Mermaid Arts Centre, Bray
19 May – 30 June 2018
When is a photograph just a photograph? How can we ask questions of the photographic image that interrogate the specificity of the medium, without having the subject matter consume our attention? The flippant answer is that we can’t; or at least it is not possible without turning a blind eye to the material world disclosed through the photographic image. Even the vernacular modernism of the 1950s and ‘60s, which sought to create a culture of ‘photography for photography’s sake’, drew on the flow of everyday life to gesture towards photography’s intrinsic characteristics as a medium of visual communication.
These questions may seem too large to contemplate in relation to Gerry Blake’s exhibition of photographs depicting the everyday rituals of sea swimmers. However, such modest projects exploring the seemingly inconsequential routines of people’s everyday lives frequently bring such medium-specific questions into sharp relief. It is difficult not to speculate about the lives of the subjects who ritually swim in the ocean or conjecturing how their bodies provide clues to an individual’s identity, at the expense of questioning what such images may say about photography more broadly. This is not to say that Blake’s exhibition has deliberately posed questions about the specificity of the medium that may somehow have become overshadowed by his subject matter; rather it is sometimes through micro-photographies exploring everyday life that larger questions of the medium arise.
This iteration of ‘Into the Sea’ consists of 22 photographs, taken at ten bathing spots along Dublin’s coastline over a 12-month period. Mostly a series of portraits taken from behind (showing bathers either entering or observing the sea), the photographs are punctuated with the architecture of bathing spots, including rusted metal railings, concrete steps and the cracked walls of changing rooms. In addition, an illustrated poster print documents these locations. Within the gallery, the photographs are loosely configured into groups. Framed photographs are accompanied by white-bordered prints, pinned directly to the wall. There is a visual clarity to the photographs and high production value to the prints. The differences in framing convey alternating approaches: the wooden frames prompt enclosure of the pictorial space, establishing sequential relations between photographs; while the white borders of prints bleed into the gallery wall, deliberately positioning the viewer in relation to the subject matter.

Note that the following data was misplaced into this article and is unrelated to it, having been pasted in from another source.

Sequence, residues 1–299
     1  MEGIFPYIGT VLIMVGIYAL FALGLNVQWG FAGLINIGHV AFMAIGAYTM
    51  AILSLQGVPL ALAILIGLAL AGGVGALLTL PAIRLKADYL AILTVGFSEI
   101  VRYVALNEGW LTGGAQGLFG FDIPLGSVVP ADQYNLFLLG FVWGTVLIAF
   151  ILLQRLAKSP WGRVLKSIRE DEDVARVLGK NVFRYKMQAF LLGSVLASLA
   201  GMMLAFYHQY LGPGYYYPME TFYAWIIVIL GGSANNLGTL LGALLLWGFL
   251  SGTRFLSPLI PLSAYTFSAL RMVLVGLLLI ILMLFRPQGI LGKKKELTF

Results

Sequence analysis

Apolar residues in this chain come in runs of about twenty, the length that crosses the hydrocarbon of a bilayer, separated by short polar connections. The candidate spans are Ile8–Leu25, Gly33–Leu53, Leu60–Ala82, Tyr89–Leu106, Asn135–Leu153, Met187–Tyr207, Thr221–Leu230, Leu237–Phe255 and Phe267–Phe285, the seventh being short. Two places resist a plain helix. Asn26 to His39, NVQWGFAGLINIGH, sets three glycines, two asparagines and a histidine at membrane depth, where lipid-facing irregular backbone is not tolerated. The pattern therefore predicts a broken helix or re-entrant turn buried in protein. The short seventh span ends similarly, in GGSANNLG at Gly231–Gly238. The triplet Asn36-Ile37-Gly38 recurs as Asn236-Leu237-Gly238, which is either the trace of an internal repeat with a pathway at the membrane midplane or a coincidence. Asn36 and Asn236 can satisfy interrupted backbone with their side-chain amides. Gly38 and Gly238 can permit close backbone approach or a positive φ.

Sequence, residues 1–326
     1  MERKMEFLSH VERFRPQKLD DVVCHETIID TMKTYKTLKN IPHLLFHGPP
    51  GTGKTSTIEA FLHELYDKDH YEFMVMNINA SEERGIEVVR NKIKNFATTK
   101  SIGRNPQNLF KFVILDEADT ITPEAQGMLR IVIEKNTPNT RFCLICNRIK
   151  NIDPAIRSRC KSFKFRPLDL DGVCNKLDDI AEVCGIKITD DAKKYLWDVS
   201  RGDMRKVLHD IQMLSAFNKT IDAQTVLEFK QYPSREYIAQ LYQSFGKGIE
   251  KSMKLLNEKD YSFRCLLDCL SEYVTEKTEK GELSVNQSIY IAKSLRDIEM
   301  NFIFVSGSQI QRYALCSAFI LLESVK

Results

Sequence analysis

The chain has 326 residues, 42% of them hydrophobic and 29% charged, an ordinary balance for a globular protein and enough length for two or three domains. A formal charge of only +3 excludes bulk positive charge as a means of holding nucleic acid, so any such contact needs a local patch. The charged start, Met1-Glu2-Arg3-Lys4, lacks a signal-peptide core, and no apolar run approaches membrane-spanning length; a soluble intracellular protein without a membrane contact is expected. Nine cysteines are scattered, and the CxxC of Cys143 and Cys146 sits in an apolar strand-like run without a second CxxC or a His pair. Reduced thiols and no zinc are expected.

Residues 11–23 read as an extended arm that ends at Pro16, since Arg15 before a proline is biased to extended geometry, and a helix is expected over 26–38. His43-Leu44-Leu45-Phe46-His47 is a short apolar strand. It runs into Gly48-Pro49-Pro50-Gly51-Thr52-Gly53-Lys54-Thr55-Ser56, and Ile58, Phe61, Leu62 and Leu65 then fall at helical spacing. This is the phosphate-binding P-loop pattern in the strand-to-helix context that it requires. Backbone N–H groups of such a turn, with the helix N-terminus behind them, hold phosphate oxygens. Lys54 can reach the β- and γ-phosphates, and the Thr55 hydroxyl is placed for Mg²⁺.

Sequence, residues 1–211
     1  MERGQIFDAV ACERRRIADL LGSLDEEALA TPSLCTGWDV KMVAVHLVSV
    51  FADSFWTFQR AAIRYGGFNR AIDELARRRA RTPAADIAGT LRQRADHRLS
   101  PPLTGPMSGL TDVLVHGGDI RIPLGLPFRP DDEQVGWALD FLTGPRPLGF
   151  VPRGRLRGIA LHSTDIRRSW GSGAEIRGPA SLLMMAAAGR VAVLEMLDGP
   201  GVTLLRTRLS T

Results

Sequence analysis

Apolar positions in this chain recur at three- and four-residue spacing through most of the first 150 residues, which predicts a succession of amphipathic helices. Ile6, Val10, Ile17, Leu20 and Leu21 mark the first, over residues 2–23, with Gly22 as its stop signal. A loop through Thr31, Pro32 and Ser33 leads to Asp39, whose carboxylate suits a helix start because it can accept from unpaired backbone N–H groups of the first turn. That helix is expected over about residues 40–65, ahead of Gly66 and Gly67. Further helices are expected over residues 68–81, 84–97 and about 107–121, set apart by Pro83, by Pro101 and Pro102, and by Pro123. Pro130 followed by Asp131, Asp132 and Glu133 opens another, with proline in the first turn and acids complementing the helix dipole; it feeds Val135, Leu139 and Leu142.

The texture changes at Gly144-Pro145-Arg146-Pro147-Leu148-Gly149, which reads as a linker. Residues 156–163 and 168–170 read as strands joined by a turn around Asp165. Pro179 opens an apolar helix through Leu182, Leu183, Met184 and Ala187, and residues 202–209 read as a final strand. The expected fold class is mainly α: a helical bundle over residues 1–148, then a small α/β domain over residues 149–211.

The exhibition opens with three photographs – 7.00 a.m. September #1 (2016), 7.00 a.m. September #2 (2016), and 8.00 a.m. September #2 (2016) – close-up, distant and elevated back-facing portraits of female swimmers looking towards or entering the sea. These photographs document distinct moments, but their configuration in relation to one another makes it difficult not to interpret them as the depiction of sequential actions. In another pairing of photographs – 11.00 a.m. May (2017), and 1.30 p.m. November #2 (2016) – two bathers, one female the other male, grip onto metal railings from the left and right-hand sides respectively, as they descend into the sea. The effect draws the viewers’ eye into the blank wall space between the two photographs. It is through such configurations of distinct moments that questions emerge around the specificity of the photographic image.
Distinctions of time and place are erased, as the photographic series establishes relationships between the subject, photographer and viewer. Notably, the artwork titles eschew the specificity of place and exact dates in favour of time and calendar month. Such contextual ambiguity allows the representation of discrete, ritualistic moments of individual swimmers to be brought into relationship with one another. However, this ambiguity is not without its problems; the anonymity of the subjects, combined with the rear-view portraits is troubling. The viewer’s identification with individuals is relegated in favour of accentuating a generic temporality. Blake’s exhibition touches on broader questions of photography, but in a way that only raises more questions about how the medium can allow the viewer to identify with the subjects, while making them appear as remote and anonymous figures within the pictorial frame.
Justin Careville is a lecturer in Historical and Theoretical Studies in Photography at IADT Dún Laoghaire, where he is also chair of the BA (Hons) Photography programme.
Gerry Blake, 2:00 p.m. October #3, 2016, location: Low Rock, Malahide; photograph © Gerry Blake.
Gerry Blake, 3:00 p.m. October #1, 2017, location: Sandycove; photograph © Gerry Blake.